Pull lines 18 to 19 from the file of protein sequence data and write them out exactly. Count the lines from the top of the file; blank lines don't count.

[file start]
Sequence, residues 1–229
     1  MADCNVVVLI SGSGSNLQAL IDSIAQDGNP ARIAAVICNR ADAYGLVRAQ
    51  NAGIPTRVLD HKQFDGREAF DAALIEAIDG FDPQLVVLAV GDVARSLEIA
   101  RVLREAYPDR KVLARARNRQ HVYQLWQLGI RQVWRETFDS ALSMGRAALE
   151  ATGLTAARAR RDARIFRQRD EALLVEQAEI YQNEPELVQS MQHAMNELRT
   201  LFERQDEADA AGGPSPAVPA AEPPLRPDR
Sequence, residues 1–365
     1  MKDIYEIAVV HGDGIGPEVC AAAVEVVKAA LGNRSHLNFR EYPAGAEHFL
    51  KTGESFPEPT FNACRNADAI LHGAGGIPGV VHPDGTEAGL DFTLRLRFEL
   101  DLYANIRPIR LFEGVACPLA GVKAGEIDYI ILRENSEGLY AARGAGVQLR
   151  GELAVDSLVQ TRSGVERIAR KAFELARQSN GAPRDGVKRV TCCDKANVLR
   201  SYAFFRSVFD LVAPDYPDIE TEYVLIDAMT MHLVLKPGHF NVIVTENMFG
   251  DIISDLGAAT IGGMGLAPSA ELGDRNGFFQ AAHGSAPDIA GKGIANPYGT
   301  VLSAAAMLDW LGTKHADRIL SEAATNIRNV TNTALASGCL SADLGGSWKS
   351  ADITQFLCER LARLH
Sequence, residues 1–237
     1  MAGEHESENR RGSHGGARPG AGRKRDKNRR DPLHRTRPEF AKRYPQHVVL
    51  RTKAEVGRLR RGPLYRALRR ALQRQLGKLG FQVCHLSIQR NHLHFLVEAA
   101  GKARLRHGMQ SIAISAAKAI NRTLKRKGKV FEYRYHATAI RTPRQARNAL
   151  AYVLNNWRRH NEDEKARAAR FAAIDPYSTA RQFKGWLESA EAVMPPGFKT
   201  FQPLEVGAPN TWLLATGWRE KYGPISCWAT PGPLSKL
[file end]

    51  RTKAEVGRLR RGPLYRALRR ALQRQLGKLG FQVCHLSIQR NHLHFLVEAA
   101  GKARLRHGMQ SIAISAAKAI NRTLKRKGKV FEYRYHATAI RTPRQARNAL